Author(s): Albina JE, Mills CD, Henry WL Jr, Caldwell MD
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Abstract Arginine can be metabolized by inflammatory cells through at least two pathways. One is an oxidative l-arginine deiminase (OAD) that results in the formation of citrulline and reactive nitrogen intermediates. The other is arginase, which determines the production of ornithine and urea. The temporal expression of these pathways in an experimental wound model (s.c. implanted polyvinyl alcohol sponges in the rat) was investigated by examining the concentrations of amino acids and of nitrite in fluids obtained from the sponges 6 h to 15 day after implantation. These analyses revealed two distinct periods during which the arginine concentration in the fluids was markedly below plasma levels. During the early period (less than 3 days after sponge implantation) wound fluid contained more citrulline and nitrite than at any other time, suggesting OAD activity. In contrast, ornithine accumulated in the fluids during the late decrease in arginine concentration that extended beyond day 3, during which time the wound fluid also contained a high arginase activity. This time-dependent expression of different pathways of arginine metabolism in wounds was confirmed in sponge cultures containing [guanido-14C]-l-arginine. Cells contained in sponges harvested less than 48 h after implantation metabolized labeled arginine mainly to labeled citrulline, whereas labeled urea was produced during culture of sponges harvested after this time. The low arginine content of wound fluid did not appear to be rate limiting for the expression of OAD in late sponges because no OAD activity was evidenced when 4 mM arginine was added to the cultures. These results indicate that the OAD pathway is expressed in this model predominantly during the early, polymorphonuclear leukocyte-predominant, phase of repair. At this time, the reactive nitrogen intermediates resulting from the metabolism of arginine may mediate some of the events characteristic of early inflammation, including microbiostasis, vasodilation, and inhibition/reversal of platelet aggregation. In turn, the late suppression of this pathway and the catabolism of arginine through arginase may promote macrophage function within wounds.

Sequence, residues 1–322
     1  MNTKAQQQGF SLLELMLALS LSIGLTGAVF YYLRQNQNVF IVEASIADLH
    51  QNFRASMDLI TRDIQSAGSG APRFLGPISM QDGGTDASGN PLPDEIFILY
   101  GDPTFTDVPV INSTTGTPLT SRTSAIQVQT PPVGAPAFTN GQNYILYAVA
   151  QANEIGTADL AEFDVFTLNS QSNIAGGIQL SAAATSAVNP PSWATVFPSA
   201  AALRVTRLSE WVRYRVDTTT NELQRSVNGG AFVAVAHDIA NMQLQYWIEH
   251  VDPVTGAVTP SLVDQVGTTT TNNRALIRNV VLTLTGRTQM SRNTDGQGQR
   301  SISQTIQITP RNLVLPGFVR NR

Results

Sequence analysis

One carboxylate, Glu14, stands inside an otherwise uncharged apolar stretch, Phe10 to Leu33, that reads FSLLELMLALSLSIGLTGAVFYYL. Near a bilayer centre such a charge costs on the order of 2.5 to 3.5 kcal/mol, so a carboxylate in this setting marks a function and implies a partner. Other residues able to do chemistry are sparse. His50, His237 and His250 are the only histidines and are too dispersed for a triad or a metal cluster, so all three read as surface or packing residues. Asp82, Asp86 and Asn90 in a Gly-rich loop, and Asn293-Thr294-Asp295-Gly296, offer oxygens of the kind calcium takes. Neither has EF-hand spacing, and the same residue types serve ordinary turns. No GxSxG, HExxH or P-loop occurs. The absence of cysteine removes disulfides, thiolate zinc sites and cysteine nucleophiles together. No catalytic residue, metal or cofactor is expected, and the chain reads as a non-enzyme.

This article was published in J Immunol
and referenced in Journal of Clinical & Cellular Immunology